Storytelling, for me, can be a form of meditation. Stories can transport us into other worlds weaving a magical journey of the soul stimulating our imagination, our senses and interestingly leading us to finding solutions in our everyday lives. It is also an invitation to be “part of” by the storyteller.
Children will often want to hear a story time and time again, remembering every word and then suddenly want to hear a new story. Usually, it is because they have finally digested what they needed to from the story and are ready for a new adventure. At other times, hearing a familiar story is comforting and evokes memories of when it was first heard, revisiting the connection between the storyteller and the listener.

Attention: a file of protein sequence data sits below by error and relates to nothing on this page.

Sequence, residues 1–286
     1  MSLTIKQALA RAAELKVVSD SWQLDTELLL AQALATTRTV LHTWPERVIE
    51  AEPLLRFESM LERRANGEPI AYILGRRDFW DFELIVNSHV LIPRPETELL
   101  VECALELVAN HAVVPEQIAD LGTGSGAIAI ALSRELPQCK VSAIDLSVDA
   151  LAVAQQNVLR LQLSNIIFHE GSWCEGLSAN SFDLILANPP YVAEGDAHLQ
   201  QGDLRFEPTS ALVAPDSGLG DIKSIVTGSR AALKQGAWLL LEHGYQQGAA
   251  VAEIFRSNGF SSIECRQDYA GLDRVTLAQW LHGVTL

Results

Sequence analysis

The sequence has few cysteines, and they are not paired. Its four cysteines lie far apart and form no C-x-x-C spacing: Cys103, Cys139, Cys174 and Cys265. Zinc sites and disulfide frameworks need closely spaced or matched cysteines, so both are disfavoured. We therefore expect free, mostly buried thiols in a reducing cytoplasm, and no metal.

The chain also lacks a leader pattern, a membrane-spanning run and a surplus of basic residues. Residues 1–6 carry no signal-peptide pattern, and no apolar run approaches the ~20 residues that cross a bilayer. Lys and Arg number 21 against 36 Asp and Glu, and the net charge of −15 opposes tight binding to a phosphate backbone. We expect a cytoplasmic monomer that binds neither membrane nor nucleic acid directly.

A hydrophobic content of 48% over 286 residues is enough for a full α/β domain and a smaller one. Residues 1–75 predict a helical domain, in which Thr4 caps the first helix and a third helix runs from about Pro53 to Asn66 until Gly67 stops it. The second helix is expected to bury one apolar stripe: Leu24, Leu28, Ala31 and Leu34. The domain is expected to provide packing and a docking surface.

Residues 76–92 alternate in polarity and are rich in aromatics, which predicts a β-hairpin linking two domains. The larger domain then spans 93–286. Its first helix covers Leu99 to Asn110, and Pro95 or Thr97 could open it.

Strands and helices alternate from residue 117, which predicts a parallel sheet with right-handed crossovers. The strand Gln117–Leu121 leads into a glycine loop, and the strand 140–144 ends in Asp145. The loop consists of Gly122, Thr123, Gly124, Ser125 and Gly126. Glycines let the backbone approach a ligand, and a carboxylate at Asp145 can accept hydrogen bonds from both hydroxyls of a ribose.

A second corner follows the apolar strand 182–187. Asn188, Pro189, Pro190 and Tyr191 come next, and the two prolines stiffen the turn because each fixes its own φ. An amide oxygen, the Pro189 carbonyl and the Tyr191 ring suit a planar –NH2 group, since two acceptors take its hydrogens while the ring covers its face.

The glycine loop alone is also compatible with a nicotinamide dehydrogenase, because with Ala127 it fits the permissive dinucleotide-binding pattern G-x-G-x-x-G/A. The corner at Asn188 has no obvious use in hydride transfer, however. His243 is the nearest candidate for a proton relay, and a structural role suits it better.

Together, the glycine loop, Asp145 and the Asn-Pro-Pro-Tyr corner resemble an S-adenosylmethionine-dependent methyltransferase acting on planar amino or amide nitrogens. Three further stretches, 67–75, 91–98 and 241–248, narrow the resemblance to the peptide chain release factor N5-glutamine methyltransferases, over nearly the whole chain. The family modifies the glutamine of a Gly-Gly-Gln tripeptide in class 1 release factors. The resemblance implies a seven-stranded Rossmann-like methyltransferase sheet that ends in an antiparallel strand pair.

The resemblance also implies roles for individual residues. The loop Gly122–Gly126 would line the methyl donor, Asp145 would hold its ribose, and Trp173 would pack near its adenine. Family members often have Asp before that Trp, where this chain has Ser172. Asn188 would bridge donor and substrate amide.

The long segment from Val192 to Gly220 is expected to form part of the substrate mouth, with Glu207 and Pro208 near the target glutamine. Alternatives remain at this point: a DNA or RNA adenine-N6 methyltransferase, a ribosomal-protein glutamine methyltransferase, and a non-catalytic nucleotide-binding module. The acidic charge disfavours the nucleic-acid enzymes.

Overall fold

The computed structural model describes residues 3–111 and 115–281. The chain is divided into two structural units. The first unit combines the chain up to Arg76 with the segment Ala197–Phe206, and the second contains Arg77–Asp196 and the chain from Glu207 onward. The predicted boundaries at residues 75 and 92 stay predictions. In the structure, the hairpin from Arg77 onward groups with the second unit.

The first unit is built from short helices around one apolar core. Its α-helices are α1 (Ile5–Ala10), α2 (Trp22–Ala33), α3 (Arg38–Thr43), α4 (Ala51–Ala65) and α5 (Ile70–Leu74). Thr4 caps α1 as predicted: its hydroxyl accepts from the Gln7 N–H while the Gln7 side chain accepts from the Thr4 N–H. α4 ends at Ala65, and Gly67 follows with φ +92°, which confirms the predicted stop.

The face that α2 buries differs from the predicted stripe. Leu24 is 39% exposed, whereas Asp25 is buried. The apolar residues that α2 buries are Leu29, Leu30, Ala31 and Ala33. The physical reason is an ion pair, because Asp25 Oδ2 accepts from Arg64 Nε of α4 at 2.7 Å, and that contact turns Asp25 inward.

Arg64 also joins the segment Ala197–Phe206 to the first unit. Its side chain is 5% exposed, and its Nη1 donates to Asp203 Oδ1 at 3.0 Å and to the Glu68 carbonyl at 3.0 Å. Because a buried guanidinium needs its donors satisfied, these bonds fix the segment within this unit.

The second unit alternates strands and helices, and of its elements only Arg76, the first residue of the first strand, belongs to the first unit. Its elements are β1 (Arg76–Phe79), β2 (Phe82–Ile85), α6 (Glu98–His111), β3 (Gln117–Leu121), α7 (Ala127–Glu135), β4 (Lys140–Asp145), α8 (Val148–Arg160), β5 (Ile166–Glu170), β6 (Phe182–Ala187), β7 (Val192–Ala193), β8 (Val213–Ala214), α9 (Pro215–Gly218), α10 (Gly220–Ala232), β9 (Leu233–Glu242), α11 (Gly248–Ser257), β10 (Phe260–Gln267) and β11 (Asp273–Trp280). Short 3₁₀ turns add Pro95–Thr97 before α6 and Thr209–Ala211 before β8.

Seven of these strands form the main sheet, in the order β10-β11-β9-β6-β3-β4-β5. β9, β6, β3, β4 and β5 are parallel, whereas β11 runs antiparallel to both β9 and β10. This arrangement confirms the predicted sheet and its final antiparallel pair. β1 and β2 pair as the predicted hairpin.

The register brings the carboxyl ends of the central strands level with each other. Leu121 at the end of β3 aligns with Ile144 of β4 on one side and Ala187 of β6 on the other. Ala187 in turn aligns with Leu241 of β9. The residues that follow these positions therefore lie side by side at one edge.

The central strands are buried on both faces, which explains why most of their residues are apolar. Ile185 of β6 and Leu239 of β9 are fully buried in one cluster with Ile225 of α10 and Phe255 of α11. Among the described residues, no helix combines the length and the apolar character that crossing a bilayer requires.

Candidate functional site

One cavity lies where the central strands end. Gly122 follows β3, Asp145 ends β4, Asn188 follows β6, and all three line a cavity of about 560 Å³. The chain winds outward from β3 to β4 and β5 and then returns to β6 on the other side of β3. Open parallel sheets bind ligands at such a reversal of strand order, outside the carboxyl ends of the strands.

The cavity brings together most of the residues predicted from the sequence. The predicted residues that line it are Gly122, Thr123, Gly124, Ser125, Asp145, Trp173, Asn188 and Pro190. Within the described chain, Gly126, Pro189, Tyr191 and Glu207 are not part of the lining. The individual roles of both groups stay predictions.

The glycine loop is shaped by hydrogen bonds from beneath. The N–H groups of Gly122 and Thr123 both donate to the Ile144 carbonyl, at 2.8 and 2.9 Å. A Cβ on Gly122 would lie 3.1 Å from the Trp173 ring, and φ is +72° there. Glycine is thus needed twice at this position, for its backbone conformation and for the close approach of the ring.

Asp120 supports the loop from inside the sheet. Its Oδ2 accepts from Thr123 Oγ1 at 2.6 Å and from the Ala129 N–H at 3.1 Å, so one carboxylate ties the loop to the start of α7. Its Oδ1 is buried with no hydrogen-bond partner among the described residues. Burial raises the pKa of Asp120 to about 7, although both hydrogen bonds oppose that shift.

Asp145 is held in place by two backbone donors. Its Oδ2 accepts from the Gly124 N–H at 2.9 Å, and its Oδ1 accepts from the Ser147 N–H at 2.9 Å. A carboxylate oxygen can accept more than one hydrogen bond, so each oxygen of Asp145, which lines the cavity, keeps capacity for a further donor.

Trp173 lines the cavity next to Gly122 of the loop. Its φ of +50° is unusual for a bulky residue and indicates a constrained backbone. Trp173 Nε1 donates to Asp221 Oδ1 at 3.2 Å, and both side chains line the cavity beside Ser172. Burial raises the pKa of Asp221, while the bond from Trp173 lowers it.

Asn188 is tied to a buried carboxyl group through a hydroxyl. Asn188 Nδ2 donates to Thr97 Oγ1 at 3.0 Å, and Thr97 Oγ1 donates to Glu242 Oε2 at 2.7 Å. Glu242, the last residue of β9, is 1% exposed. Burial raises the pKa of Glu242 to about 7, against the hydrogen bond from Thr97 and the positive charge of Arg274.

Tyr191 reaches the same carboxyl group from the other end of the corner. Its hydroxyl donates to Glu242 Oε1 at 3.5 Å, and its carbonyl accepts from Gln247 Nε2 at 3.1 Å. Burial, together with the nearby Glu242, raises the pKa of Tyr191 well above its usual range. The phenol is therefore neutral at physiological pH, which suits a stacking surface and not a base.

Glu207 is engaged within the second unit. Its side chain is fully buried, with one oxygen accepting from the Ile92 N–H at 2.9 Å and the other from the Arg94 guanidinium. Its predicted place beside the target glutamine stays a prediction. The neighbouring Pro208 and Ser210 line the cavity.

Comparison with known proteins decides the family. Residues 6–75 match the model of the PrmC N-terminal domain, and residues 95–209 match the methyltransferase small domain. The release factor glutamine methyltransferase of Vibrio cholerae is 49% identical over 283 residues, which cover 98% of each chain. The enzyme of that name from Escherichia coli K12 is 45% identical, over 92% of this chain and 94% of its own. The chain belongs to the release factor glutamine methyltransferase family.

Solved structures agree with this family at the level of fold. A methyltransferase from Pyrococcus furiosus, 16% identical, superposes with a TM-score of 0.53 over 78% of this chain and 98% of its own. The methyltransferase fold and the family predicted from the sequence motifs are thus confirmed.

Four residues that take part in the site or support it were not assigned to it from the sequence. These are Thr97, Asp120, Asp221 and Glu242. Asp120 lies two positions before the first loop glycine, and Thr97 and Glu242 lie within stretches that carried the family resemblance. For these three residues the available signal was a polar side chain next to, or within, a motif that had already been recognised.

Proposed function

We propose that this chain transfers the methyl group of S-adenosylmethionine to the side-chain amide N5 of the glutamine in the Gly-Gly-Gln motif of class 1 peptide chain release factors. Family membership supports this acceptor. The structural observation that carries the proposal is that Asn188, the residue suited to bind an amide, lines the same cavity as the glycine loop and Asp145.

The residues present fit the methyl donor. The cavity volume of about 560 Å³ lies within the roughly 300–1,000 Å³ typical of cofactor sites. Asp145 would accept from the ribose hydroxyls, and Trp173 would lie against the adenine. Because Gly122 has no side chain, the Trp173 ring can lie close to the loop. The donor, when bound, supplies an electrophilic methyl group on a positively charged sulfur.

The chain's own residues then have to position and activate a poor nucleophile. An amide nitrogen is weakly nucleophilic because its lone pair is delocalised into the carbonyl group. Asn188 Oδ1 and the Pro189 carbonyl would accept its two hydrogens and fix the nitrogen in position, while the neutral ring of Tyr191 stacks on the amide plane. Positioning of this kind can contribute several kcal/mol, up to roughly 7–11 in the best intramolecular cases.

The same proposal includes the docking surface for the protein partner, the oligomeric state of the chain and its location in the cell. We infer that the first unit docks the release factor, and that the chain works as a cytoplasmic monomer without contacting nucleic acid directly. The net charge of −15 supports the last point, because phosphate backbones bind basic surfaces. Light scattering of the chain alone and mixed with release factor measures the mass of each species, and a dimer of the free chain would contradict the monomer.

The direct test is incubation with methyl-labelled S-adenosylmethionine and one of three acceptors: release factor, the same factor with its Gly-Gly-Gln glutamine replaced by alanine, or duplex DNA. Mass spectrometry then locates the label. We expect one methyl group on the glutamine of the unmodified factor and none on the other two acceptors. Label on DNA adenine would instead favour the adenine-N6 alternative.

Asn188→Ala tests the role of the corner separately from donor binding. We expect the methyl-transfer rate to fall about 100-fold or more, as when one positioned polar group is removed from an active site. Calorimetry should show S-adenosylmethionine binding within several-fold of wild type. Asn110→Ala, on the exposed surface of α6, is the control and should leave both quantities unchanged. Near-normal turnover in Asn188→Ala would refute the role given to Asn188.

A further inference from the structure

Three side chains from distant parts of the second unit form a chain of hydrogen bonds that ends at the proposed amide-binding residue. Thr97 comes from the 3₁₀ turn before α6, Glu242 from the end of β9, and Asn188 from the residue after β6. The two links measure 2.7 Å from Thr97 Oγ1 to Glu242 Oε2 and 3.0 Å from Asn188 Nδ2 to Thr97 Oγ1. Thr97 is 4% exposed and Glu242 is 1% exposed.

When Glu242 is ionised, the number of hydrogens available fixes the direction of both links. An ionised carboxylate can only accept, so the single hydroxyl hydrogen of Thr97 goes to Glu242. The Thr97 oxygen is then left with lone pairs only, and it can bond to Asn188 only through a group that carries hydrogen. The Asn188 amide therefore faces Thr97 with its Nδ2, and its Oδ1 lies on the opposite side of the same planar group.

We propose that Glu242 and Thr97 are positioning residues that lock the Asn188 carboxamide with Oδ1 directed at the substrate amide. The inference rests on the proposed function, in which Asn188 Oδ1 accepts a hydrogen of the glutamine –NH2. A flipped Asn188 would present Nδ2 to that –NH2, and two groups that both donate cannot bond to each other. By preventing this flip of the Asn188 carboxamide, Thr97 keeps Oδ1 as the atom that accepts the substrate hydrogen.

Storytelling was originally an oral tradition long before we learned to write. It was used to entertain, to teach, to record history, to transmit news and as a guide to help us find our way through life and sometimes literally as a map. The Australian Aboriginals use storytelling to describe a route from one place to another, often using rock art and giving names to certain features in the landscape as extra signposts. The repetition of the stories helps to remember the way. We sometimes do the same, but we have lost the sense of it being an essential survival tool, i.e. “turn right at the Church and then left at the Dog and Duck” leaving out the story and spirit of place.
When we become the storyteller it can help us find new perspectives on situations and it can also help others understand who we are, a little bit like a visiting card. There is something very healing about being “heard” and therefore “seen”.